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Baroness Blatch: The Minister said that the Careers Service funding will represent 50 per cent of all the funds that will be needed and that the other 50 per cent will come from new money under the new spending review and from other pooled moneys. The Minister already referred to pooled moneys from the DfEE itself. It will be interesting to know which elements of the DfEE money will form part of the funding. However, if the Careers Service is to provide 50 per cent of all the money needed and the other 50 per cent is to come from other sources, we are in a position to make a judgment about how much 100 per cent will be. One only has to take the cost of running the Careers Service at present to work out what the cost of 100 per cent funding will be.

That equation put to one side, there is a point which the Minister has not answered. She admitted that there will be changes in job descriptions. We need to know technically how that will be managed. Will TUPE be invoked? Will transfer arrangements from other pieces of legislation be invoked? Even if people are persuaded and agree voluntarily to an altered job description, changes will nevertheless take place and TUPE will still apply, just as it will in the case of people who are to move from TECs to work with the learning and skills councils, where they will have a completely different job description. The same will apply, and it would be helpful to have some view about that.

The Minister referred to the 20,000 mentors. She did not say where they would come from, but she said that there was no promise or guarantee that the scheme would apply to all young people in the age group irrespective of need. It would be helpful to know who decides whether they need them. In many cases, young people themselves make those decisions. Will they have individual referral rights? If so, how will they go about the process and how will they know who the mentor is? In the Connexions document, the intention is that the mentor would become extremely knowledgeable about the person. He will get to know him and have an in-depth relationship with him, which will develop to the point where any advice and guidance given to the young person will be all the more effective.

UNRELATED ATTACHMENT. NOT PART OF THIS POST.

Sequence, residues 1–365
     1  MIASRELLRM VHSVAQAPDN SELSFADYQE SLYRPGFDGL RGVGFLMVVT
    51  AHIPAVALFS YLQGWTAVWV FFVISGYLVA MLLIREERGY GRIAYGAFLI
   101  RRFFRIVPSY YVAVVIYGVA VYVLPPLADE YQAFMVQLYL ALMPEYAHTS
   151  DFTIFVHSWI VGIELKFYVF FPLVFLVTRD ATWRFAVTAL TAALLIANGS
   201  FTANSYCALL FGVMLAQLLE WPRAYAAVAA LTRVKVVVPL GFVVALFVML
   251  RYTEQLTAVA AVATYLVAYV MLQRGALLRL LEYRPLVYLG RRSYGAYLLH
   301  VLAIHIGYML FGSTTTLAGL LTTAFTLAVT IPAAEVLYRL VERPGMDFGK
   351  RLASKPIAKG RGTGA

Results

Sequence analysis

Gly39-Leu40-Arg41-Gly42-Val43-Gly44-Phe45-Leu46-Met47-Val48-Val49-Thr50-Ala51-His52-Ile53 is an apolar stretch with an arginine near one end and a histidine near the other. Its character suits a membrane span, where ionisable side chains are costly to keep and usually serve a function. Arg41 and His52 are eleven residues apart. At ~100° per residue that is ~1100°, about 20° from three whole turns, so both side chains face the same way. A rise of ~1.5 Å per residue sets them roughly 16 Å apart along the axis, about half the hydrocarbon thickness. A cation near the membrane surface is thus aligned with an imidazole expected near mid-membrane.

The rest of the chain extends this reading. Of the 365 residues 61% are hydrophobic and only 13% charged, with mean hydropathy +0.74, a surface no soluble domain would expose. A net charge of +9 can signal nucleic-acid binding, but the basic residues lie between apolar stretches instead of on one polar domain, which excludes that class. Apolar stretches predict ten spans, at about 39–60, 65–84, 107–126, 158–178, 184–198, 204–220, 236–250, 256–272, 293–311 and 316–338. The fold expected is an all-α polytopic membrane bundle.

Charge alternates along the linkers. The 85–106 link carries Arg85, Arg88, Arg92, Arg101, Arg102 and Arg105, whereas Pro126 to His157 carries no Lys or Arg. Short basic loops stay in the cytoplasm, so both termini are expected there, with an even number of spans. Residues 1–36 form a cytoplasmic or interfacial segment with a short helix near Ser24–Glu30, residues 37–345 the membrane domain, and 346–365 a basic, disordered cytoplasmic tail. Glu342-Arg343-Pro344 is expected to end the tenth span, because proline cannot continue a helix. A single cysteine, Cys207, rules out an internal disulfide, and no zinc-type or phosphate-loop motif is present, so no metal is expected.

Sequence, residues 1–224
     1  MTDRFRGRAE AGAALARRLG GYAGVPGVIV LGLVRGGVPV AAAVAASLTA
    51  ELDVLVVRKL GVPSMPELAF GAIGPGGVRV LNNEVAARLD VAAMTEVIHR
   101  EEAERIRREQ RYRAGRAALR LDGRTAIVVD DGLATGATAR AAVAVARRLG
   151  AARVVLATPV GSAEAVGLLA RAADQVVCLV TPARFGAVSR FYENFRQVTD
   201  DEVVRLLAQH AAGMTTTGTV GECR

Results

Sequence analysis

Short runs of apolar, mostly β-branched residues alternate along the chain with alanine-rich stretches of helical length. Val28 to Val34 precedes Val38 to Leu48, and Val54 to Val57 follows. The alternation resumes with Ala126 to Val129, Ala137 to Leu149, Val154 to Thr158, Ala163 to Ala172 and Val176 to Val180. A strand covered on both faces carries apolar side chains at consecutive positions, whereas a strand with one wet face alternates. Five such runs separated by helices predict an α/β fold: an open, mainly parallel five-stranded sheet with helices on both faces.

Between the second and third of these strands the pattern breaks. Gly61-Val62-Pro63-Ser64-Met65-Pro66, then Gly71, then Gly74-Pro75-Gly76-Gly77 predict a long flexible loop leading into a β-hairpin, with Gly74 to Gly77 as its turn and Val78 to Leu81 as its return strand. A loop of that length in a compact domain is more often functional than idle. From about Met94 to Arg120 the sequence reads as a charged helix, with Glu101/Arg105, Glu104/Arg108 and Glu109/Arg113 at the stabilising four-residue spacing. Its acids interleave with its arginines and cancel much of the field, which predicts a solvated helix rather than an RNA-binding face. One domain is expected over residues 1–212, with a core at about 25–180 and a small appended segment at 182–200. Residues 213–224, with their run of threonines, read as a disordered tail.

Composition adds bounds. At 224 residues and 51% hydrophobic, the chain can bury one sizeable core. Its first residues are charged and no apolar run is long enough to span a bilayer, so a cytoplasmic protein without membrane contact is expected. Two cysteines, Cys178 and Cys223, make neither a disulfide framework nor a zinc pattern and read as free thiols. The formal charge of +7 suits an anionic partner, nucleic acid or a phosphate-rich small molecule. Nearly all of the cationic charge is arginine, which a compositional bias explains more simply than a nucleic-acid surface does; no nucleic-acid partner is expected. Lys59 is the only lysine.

It is important to get those answers, but I do not know whether we shall receive all of them. We have had a muddled discussion, but we now know that the current cost of running the Careers Service represents

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half of the money needed to provide the new arrangements under the Connexions programme. I beg leave to withdraw the amendment.

Amendment, by leave, withdrawn.

[Amendments No. 216A and 217 not moved.]

Baroness Darcy de Knayth moved Amendment No. 218:

    Page 44, line 12, after second ("to") insert ("the promotion of equality of opportunity between disabled and non-disabled people in education, training, and all support services covering transition and to").

The noble Baroness said: The amendment homes in on a somewhat narrower target. It aims to ensure that the youth support services will have regard to promoting equality of opportunity for disabled and non-disabled learners. It is similar to amendments I moved and to which I spoke on the first day of Committee--at cols. 621 to 624 of Hansard--in relation to the LSC, local LSCs and the CETW, when the Minister most encouragingly agreed to come back with amendments to meet the point.